On the other hand, the Western blots for both endothelial NO synthase and inducible NO synthase did demonstrate a substantial banding, corresponding to proteins of lower molecular weight. These components may represent cross-reactive proteins or degradation products of the very NO synthase enzymes.

The administration of L-arginine to organ baths was not followed by any measurable change in spontaneous myometrial contractility. These results may be explained either by a prevailing endogenous saturation of the substrate for NO synthesis or by a truly low enzyme activity at term pregnancy. Normally, L-citrulline, a byproduct of NO synthesis, is recycled back to L-arginine.20 The regeneration of L-arginine provides a sufficient level of substrate for NO synthesis under most conditions. The observed lack of response to L-arginine is in agreement with studies of NO synthase activity in vascular smooth muscle, in which external L-arginine dependence is rarely registered.21 However, the present finding in the human myometrium is contrary to what has been observed in the rat uterus, where administration of L-arginine to organ baths caused a concentration-dependent inhibition of contractile activity.6

On the other hand, NG-nitro-L-arginine methyl ester, a competitive inhibitor of NO synthesis, caused only a modest but nonsignificant change in contractile activity. If an endogenous NO system were involved in uterine relaxation during pregnancy, one should expect a substantial increase in contractile activity when the strips were exposed to NG-nitro-L-arginine methyl ester. The lack of significant response to NG-nitro-L-arginine methyl ester gives further support for the idea that myometrial NO synthase activity is low at term before the onset of labor.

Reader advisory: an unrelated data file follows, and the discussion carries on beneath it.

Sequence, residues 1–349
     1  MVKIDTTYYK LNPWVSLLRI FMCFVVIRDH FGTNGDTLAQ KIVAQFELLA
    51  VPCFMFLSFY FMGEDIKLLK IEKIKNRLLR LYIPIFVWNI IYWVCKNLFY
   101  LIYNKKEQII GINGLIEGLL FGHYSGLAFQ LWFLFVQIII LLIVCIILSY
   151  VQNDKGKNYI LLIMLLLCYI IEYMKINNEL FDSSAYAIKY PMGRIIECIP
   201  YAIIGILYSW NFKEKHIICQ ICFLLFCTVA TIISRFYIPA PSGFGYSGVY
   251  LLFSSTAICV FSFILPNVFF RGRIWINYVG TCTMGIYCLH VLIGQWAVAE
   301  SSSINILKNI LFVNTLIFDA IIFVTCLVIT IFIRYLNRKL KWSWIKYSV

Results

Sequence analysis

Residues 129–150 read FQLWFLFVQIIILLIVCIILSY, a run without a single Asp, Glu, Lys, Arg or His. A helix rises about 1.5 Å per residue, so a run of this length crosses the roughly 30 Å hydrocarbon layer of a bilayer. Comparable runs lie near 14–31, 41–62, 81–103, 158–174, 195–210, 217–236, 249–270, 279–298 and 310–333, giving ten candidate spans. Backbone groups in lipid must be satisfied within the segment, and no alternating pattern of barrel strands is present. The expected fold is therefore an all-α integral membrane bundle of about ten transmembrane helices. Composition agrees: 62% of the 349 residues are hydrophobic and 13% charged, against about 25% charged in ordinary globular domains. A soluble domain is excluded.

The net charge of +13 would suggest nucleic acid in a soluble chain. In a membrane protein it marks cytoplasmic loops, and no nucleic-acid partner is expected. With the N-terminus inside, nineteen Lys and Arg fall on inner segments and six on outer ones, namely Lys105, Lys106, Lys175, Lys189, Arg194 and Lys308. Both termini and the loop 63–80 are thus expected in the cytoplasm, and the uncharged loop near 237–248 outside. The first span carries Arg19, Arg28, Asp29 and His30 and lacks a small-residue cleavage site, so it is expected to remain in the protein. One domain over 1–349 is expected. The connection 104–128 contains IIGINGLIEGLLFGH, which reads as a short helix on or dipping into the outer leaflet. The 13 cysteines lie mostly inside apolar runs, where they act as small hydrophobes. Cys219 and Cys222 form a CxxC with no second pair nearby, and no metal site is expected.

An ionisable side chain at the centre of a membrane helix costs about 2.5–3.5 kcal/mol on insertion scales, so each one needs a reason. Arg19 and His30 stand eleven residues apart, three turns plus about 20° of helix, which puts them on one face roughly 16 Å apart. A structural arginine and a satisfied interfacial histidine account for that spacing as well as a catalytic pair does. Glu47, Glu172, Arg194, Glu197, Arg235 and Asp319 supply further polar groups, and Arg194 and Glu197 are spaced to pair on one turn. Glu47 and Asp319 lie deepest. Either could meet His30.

Sodium nitroprusside has been widely used clinically to treat cardiovascular disease. The production of NO by sodium nitroprusside is believed to be based on biotransformation or spontaneous degradation mechanisms.22,23 The present study clearly demonstrates that sodium nitroprusside inhibits spontaneous myometrial contractions in a concentration-dependent manner at 10−7 and 10−6 mol/L before the start of labor. It also shows that at 10−5 and 10−4 mol/L, an increase occurs in the frequency of contractions and the amplitude of contractions. This paradoxic effect of sodium nitroprusside cannot be ascribed to NO itself, but rather to other effects of sodium nitroprusside. Hypothetically, it may be proposed that the stimulating effect on the frequency of contractions could be mediated by prostaglandins because NO has been shown to activate cyclo-oxygenase and to stimulate uterine contractility in the rat.24,25

Spermine NONOate is a nucleophile/NO complex that releases NO spontaneously at a predictable rate without enzymatic involvement.26 At a temperature of 37C and pH of 7.4, the half-life of spermine NONOate is 39 minutes. Decomposition of one molecule of the complex produces two molecules of NO but also one molecule of free spermine, a polyamine with several bioeffector roles of its own, including hypotensive activity. This NO donor exerted a clear inhibition of contractions both before and after the start of labor. To exclude any relaxing effect of the parent compound, we added pure spermine to the organ baths (10−6–10−5 mol/L). The administration of spermine did not cause any change in contractile activity, demonstrating that free spermine was devoid of measurable activity and that the response observed for spermine NONOate was due to NO release.